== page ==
Oftentimes, the women who wish to become surrogates are the most selfless, generous women out there. If you’re one of them, you’re probably excited at the opportunity to help intended parents reach their parenthood dreams — dreams they’ve been waiting for years to finally come true.
In an effort to help as many people as possible, you may even wonder, “When being a surrogate, can you have two different couples’ embryos implanted?”
This is a great question to ask, and it shows your desire to assist as many intended parents as possible. However, the answer to this question is always no. Whether you work with a surrogacy professional like American Surrogacy or complete an independent surrogacy, you can only work with one intended parent or couple at a time — for the safety and best interest of all involved.
Why You Can Only Complete One Surrogacy Journey at a Time
If you’re asking, “When being a surrogate, can you have two different couples’ embryos implanted?” you probably have another question when you find out the answer to the previous one: “Why not?”
Surrogacy is a very complicated process — emotionally, physically and mentally. It can be challenging enough to have a successful pregnancy and surrogacy process with one intended parent or couple of intended parents. Bringing another couple into the mix, even hypothetically, can severely compromise the safety of each party and the success of the overall surrogacy journey.
There are a lot of steps required to complete a single surrogacy journey at a time, including:
- Screening and background assessments for both parties
- Medical and psychological testing for each party
- Finalized legal contract (with separate attorneys)
- Establishment of the intended parents’ parental rights
- Negotiation of surrogate compensation
- And more
All of these steps often add up to a surrogacy journey of a year or more. Thinking about adding another couple to the mix? This will not only increase that overall time but also complicate every other step involved in the process. Not only will the preferences and goals of the surrogate have to be considered but the two separate sets of intended parents’, as well!
Every person pursuing surrogacy has different hopes and goals for their surrogacy journey; including two sets of intended parents in one surrogacy journey is logistically impossible.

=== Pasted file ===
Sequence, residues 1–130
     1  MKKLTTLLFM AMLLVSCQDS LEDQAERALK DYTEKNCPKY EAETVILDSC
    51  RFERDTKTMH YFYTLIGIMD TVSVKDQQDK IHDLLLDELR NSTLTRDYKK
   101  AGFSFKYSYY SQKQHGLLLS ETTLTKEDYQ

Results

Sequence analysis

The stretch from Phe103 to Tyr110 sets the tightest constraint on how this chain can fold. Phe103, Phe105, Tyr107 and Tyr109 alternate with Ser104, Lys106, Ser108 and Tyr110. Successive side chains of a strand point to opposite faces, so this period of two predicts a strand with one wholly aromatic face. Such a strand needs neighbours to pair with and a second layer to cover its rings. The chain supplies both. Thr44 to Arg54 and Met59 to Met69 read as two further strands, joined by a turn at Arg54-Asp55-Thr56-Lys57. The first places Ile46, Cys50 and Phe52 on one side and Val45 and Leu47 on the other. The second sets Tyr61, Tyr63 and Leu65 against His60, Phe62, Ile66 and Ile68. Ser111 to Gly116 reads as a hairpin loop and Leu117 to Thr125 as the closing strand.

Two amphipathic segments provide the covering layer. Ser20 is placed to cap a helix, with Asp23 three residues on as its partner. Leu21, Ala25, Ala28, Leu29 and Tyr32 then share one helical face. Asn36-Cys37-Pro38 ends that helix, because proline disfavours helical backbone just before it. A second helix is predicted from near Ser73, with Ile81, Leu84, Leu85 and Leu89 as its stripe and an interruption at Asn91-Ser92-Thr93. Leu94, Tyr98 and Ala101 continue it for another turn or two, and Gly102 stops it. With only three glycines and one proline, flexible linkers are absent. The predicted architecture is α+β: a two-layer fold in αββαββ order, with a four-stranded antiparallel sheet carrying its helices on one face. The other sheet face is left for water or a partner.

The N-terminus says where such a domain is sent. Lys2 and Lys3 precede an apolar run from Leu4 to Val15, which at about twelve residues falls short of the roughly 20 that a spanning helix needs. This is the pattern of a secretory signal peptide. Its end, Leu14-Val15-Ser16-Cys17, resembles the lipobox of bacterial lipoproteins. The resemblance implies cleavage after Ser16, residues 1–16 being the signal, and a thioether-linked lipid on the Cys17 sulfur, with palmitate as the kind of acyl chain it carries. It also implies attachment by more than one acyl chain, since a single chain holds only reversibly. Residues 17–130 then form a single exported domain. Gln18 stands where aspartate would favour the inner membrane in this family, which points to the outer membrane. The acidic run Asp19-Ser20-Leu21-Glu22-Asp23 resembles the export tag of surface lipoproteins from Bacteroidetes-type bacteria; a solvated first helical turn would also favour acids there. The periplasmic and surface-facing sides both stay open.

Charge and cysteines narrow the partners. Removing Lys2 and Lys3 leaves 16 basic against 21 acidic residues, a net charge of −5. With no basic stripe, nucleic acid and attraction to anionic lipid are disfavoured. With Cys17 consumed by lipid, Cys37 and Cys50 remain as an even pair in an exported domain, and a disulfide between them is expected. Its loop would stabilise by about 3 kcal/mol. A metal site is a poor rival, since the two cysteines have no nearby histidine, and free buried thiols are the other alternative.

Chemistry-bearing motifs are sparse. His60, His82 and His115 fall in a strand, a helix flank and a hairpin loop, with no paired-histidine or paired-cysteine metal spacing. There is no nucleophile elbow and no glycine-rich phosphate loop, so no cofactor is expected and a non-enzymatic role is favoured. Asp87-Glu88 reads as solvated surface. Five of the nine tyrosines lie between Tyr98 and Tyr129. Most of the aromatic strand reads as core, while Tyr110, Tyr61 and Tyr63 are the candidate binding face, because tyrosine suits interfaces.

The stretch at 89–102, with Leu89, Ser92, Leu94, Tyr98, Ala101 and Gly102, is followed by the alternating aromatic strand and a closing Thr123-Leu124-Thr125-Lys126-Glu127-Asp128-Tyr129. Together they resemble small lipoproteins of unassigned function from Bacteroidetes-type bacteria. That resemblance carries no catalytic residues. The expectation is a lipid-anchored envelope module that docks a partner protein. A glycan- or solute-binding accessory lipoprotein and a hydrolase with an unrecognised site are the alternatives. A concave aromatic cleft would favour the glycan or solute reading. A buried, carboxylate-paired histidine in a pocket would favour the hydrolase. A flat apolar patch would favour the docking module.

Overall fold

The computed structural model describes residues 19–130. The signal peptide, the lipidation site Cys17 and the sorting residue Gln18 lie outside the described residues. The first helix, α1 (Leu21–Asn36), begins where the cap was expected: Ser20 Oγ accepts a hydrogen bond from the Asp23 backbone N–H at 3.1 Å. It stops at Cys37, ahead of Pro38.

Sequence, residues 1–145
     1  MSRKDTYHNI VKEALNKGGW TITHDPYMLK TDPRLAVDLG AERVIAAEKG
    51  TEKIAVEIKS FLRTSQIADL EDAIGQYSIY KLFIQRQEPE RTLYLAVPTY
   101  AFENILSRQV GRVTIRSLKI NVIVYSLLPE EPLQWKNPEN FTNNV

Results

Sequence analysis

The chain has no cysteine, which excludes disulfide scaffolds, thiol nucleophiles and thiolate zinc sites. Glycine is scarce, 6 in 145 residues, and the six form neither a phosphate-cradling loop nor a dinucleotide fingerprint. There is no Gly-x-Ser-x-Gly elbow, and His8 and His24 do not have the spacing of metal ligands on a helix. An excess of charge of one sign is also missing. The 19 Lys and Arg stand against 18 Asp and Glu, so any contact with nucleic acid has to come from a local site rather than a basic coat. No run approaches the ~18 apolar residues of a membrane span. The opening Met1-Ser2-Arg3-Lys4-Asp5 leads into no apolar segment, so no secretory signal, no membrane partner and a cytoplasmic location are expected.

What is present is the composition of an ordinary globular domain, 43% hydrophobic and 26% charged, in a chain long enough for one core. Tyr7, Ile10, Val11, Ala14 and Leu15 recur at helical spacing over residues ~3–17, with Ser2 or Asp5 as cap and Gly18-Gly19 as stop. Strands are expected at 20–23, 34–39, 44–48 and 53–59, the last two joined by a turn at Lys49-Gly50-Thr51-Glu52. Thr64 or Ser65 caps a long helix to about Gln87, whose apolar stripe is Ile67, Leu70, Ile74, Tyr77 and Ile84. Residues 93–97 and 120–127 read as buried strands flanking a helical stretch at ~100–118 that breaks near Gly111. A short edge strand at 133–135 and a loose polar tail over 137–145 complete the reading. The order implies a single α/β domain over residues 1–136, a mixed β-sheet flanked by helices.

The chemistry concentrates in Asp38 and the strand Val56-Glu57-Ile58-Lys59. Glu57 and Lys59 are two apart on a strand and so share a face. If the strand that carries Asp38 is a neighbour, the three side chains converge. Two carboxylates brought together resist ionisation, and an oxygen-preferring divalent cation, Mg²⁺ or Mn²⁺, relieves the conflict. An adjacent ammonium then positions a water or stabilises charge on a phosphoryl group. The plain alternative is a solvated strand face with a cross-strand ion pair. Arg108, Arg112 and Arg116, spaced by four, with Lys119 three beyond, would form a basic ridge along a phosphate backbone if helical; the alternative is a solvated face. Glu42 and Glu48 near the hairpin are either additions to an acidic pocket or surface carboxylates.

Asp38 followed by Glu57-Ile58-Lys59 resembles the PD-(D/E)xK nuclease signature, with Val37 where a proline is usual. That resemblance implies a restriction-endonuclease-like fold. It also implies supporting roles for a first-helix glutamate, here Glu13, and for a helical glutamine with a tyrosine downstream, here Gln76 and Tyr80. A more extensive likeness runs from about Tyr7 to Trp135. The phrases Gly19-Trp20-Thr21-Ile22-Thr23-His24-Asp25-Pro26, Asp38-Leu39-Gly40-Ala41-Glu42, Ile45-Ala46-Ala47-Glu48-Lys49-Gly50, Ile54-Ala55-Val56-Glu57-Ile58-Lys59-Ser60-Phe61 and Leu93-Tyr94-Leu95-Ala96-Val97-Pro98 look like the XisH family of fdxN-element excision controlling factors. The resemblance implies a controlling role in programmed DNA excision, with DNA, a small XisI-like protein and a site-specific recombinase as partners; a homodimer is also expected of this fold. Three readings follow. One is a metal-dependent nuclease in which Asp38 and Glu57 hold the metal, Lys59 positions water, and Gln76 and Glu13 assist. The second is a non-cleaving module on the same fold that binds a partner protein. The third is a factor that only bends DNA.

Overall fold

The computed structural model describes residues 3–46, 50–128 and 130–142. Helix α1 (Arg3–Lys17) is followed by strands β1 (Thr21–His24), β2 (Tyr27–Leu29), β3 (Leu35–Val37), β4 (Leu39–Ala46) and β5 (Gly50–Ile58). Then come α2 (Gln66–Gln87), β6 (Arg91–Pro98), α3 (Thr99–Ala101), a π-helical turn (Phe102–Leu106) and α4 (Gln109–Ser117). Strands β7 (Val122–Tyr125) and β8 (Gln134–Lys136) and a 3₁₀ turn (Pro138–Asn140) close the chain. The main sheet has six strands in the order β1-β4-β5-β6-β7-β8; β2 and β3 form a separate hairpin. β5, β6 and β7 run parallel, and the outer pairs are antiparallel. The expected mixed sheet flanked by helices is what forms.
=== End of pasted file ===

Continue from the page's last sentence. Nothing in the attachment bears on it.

The Medical Dangers to the Surrogate
You may think, “But my intended parents and I can handle those challenges. Why can’t I carry two children at once and help as many people as possible become parents?”
Completing a surrogacy with more than one set of intended parents isn’t just complicated — it’s much more dangerous for a surrogate like you.
In modern surrogacy (and in vitro fertilization), fertility specialists highly recommend only transferring one embryo to a woman’s uterus. While medical professionals used to transfer as many embryos as possible to ensure success, better screening and preparation allows professionals today to implant only the highest-quality embryo into a woman’s uterus. There’s a big reason for this: Carrying multiples has been proven to cause many more risks for a woman and is strongly advised against.
Carrying more than one child leads to an increased likelihood of:
- Preterm labor and delivery
- Low birth weight
- Gestational diabetes
- Placental abruption
- Fetal death
- Cesarean section
- And more
Therefore, carrying two children for the same couple comes with enough risk as it is. If you carry two children for separate couples, you not only take on these risks but also the complication of two different sets of parents having different priorities when it comes to medical treatment.
Don’t Worry — You Can Be a Surrogate More Than Once
If you’re asking, “When being a surrogate, can you have two different couples’ embryos implanted?” we encourage you to do some more research about the surrogacy journey and what it will require of you. This path may seem easier at first glance, but it’s not only more difficult and riskier — but also impossible. You can quickly run into legal and medical trouble if you try to work with more than one intended parent couple at a time.
Fortunately, you can certainly be a surrogate more than once. As long as you remain healthy and meet the requirements to be a surrogate, you can help many intended parents add to their family and reach their parenthood goals. At American Surrogacy, you can be a surrogate as long as you have had no more than five vaginal births and no more than three Cesarean births. This means you can be a surrogate multiple times — just like other women have been!
For more information about becoming a surrogate and finding intended parents to work with, please contact our surrogacy specialists at 1-800-875-BABY(2229) today.